On February 21, 2006, the U.S. Supreme Court ruled unanimously that a small religious group that combines Christianity and Native American practices can use hallucinogenic tea in its ceremonies. The core of the case – what happens to the First Amendment right to freely exercise religion when it conflicts with federal law – affects every religious group in America. A wide variety of religious groups – from conservative to liberal – representing millions of members filed briefs supporting O Centro Espirita Beneficiente Uniao Do Vegetal, or UDV as the group is known.
The case was the first religious freedom case to be decided under Chief Justice John Roberts. The court ruled that the U.S. government had no right to seize tea from the church or to ban its use.
Why it matters
The right to free exercise of religion is a bedrock value of the First Amendment. It is held in tension with Americans’ right to be free from the government establishing one religion over another.
UDV is a small Brazilian religious sect that has about 10,000 members in the United States, where they are based in New Mexico. Members use a hallucinogenic tea during worship ceremonies in order to help them gain union with God. The case, Gonzales v. O Centro Espirita Beneficiente Uniao Do Vegetal, began in 1999 when federal agents seized the tea, which is classified as a controlled substance. The case was considered pivotal for several reasons:
- It had the potential to change the precedent from a landmark 1990 Supreme Court case involving the use of peyote for ceremonial purposes. That ruling – in Employment Division v. Smith – changed the prevailing legal test for free exercise cases. Before the case, the state had to prove it had a “compelling interest” that trumped a religious group’s First Amendment right to exercise its religion. In Smith, the court ruled that as long as a law didn’t target a religious group and was generally applicable to the whole population – in this case, a law that banned use of peyote – it was acceptable, even if it unintentionally affected one group, such as Native Americans, more than others. Many religious groups were outraged, fearing that, say, if a legislature banned wine on Sunday then Roman Catholics who used it at Mass would have no redress under the First Amendment – instead, they would have to persuade the legislature to pass a special exemption for them.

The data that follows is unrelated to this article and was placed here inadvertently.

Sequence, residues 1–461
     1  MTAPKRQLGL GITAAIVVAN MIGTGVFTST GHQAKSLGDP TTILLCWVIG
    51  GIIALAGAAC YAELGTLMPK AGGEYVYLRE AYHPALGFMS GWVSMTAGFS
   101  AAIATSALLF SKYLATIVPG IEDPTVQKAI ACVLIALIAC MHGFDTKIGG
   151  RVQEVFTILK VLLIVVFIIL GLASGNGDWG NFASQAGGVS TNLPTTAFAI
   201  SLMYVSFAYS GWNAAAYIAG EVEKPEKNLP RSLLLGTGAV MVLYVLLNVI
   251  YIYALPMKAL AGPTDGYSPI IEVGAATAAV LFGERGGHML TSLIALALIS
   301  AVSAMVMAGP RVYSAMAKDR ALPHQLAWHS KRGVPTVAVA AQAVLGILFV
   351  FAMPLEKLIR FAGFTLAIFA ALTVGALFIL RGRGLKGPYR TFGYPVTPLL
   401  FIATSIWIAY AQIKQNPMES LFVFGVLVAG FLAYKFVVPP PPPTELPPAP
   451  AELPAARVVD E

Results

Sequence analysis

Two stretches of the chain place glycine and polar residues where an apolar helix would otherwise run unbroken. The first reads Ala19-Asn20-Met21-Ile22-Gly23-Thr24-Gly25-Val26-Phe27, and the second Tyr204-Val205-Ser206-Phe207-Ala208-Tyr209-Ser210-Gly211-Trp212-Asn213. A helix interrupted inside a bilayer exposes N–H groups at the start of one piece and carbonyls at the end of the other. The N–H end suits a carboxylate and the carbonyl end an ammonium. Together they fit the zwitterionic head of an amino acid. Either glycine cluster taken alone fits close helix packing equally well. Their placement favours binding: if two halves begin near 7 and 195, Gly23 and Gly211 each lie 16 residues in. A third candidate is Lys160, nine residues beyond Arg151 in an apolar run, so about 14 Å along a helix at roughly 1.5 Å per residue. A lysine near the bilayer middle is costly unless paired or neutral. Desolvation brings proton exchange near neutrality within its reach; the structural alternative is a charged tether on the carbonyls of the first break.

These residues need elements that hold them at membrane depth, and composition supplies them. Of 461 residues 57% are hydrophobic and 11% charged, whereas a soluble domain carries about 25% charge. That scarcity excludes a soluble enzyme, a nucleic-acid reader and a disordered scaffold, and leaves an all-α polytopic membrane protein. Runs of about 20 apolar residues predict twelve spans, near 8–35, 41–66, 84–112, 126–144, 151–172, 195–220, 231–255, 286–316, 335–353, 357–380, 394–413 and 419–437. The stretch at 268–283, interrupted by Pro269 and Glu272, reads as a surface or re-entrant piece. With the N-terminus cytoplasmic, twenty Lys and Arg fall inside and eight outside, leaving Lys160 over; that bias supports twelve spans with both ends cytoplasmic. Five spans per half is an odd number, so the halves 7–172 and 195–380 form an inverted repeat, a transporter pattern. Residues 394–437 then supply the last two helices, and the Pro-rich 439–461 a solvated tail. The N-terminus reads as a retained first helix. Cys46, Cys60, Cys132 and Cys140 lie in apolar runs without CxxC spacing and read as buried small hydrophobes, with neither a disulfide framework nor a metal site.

- The case was considered a test of the federal Religious Freedom Restoration Act, passed in 1993, which restored the compelling-interest test and said it should apply in all cases where religious exercise is substantially burdened. In 1997, the Supreme Court ruled that RFRA doesn’t apply to state and local governments. Religious liberty advocates feared that the Supreme Court would rule in the UDV case that RFRA doesn’t apply to federal law, either, significantly reducing protections for religious adherents.